Kepler thinks we should pretty much have seen this coming, considering the "worthiness of eminence of the sun" and the fact that "the source of the world's life ... is the same as the source of the light which forms the adornment of the entire machine, and which is also the source of the heat by which everything grows" (pp. 57-58). Indeed, the motive power's "very close kinship with light" is confirmed by its linear deterioration with distance, since it spreads over the circumference of a circle so to speak (p. 59). Of course one might argue that since light, and perhaps also the motive power, spreads in three dimensions, i.e. over the surface of a sphere, it should obey an inverse square law, but Kepler has already made up his mind on the linear law---"And this is true, both of the steelyard or lever, and of the motion of the planets: that the weakening of power is in the ratio of the distances" (p. 56)---so we stick to two dimensions and conclude that "in all respects and in all its attributes, the motive power from the sun coincides with light ... although this light of the sun cannot be the moving power itself" (p. 59).
The motive power instead appears to be of a magnetic nature. "The magnet, however, does not attract with all its parts, but has ... fibers ... extended throughout its length, so that if a little piece of iron is placed in a middle position between the heads of the magnet ... the magnet does not attract it but only directs it parallel to its own fibers. Thus it is credible that there is in the sun no force whatever attracting the planets ... but only a directing force, and consequently that it has circular fibers all set up in the same direction" (chapter 34, p. 69).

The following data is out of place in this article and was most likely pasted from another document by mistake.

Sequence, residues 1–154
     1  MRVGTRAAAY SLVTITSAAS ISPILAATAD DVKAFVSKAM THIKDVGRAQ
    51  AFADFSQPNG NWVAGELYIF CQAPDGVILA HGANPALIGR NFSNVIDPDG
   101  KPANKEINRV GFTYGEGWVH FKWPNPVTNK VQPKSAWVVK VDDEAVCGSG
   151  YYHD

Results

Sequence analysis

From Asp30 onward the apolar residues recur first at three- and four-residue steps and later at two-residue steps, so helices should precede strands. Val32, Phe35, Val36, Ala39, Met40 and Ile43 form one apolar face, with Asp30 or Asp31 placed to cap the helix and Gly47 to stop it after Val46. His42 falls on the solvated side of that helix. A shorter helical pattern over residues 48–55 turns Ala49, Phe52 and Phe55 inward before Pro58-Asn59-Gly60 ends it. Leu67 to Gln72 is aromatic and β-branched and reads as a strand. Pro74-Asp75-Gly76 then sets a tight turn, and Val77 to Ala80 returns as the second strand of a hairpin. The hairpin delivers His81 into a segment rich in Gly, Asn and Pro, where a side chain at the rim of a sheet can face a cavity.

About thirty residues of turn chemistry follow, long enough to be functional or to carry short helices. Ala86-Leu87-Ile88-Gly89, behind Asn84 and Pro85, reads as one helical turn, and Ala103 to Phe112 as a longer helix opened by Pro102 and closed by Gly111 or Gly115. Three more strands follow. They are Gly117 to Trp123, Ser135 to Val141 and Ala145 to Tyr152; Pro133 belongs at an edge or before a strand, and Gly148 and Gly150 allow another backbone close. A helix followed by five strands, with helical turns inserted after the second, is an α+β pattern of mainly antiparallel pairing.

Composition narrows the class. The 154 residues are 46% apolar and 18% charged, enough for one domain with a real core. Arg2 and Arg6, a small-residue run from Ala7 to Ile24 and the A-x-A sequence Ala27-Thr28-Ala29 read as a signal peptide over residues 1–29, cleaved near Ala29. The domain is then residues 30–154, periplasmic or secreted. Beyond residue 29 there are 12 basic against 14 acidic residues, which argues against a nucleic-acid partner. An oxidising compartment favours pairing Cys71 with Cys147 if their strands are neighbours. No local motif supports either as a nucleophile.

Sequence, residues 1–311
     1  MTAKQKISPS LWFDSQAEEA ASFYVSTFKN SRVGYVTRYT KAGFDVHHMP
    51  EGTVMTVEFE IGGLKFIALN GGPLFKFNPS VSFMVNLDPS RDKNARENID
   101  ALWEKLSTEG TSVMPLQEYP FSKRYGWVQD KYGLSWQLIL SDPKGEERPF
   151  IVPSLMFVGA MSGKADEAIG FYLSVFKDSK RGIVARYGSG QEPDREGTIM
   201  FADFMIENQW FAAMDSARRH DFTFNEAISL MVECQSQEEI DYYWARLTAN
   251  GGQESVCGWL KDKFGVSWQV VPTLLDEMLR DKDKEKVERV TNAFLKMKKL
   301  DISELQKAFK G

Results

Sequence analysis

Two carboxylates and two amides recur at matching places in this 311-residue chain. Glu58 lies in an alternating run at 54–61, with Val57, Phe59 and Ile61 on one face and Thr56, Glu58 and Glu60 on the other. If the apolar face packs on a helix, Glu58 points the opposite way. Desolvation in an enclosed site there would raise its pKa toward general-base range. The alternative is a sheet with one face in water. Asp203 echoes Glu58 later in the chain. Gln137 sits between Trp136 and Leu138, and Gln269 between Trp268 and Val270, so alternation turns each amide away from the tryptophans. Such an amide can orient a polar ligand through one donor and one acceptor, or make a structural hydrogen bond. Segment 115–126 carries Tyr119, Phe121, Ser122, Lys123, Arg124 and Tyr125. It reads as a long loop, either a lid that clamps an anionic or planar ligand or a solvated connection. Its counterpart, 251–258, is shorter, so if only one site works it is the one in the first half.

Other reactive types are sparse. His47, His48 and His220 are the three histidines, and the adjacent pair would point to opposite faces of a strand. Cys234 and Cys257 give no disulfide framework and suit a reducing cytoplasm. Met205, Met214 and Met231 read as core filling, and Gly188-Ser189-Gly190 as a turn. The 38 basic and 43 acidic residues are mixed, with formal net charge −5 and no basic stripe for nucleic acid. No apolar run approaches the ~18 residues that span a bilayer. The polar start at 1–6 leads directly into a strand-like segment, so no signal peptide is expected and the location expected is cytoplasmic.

But what about the equants? This makes them look artificial and silly. Kepler has the answer: equants are nothing but a pale manifestation of a deeper principle, the law of equal areas (chapter 40). Ok, so equants are out. Now what about the orbits? Actually, circular orbits will have to be abandoned altogether, as Kepler proves in the case of Mars in chapter 44, essentially by switching the roles of Mars and the earth in the argument of chapter 24 above. Donahue notes:
"Interestingly, Kepler's working notes show that when he first made this comparison, he was sure there must be some error and made a note that he must give some thought to how to adjust the planetary positions to make the orbit circular. Several weeks later, when he was comparing the area law with an equant-based theory, he realised that his physical theory demanded an oval orbit. Only then did he trust the observational evidence!" (p. 85).